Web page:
In the current video card market, all eyes are on the Radeon HD 7000 series and the GeForce GTX 600 series. They are the latest and greatest series of GPUs from AMD and nVidia respectively. And they both have great offerings with the high end Radeon HD 7970 and the GeForce GTX 680. Right now, AMD has offerings from the Radeon HD 7000 series that extend from low to high price points, and the same thing will happen with nVidia in the near future. Now that new generations of GPUs have been released, it's out with the old.
During this time of transition between generations, there is a sweet spot in the mainstream video card market at around the $150 price point ...and it features cards based on the Radeon HD 6870 and the GeForce GTX 560. While I haven't reviewed AMD's current flagship mainstream offering, the Radeon HD 7770, I've been keeping track of articles and reviews on the websites of our colleagues. What I've generally found is that the 7770 is consistently slower than both the 6870 and GTX 560, and it's also a bit more expensive.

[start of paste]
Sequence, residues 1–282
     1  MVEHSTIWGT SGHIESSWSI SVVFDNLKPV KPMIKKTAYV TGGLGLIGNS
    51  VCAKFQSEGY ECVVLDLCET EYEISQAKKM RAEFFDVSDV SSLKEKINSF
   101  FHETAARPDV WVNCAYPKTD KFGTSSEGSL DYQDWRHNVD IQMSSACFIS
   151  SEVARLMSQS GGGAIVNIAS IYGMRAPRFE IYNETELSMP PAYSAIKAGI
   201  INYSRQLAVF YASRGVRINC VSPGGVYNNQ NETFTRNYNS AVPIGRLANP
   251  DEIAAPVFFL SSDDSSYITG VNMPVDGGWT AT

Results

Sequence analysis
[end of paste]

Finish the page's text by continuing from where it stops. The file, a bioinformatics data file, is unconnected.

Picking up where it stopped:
From the standpoint of a value oriented consumer, I bought specimens based on AMD's Radeon HD 6870 and nVidia's GeForce GTX 560. With the 6870, I bought a video card manufacturered by XFX. With the GTX 560, I bought a video card manufactured by Zotac. Both offerings were $150 based on sales, mail-in rebates, and before sales tax. There is nothing fancy about either card, as both are no frills packages and are not factory overclocked. Keep in mind that with either the 6870 and GTX 560 from many other manufacturers are currently available at the $150 price point, it's not just the XFX and Zotac cards I purchased.
As these GPUs are relatively old technology, especially true when we're talking about gaming hardware, there is no need to reiterate technical details. There are many launch reviews you can take a look at for that. What I'll do instead is just give you readers a quick look at the cards themselves, then review the performance they offer.
Zotac's base GTX 560 based video card is pretty long at a little over 9.5", and at first glance it looks more like a higher end nVidia reference card with it's shroud and blower. The PCB and shroud are both black, and the card looks good. The GPU, shader and memory clocks are close to stock at 820MHz (810MHz stock), 4000MHz (QDR) and 1640MHz (1620MHz stock), respectively.
Two PCIe 6-pin power connectors are on the side of the video card, which is a good design trait for a longer card like this. Zotac's logo is oddly upside down based on the typical video card orientation of most cases.
The expansion card backplate contains a good variety of outputs: 2x DVI, HDMI and DisplayPort. A DVI to VGA adapter is also included in the package. The little grill is an exhaust vent for the blower based cooler.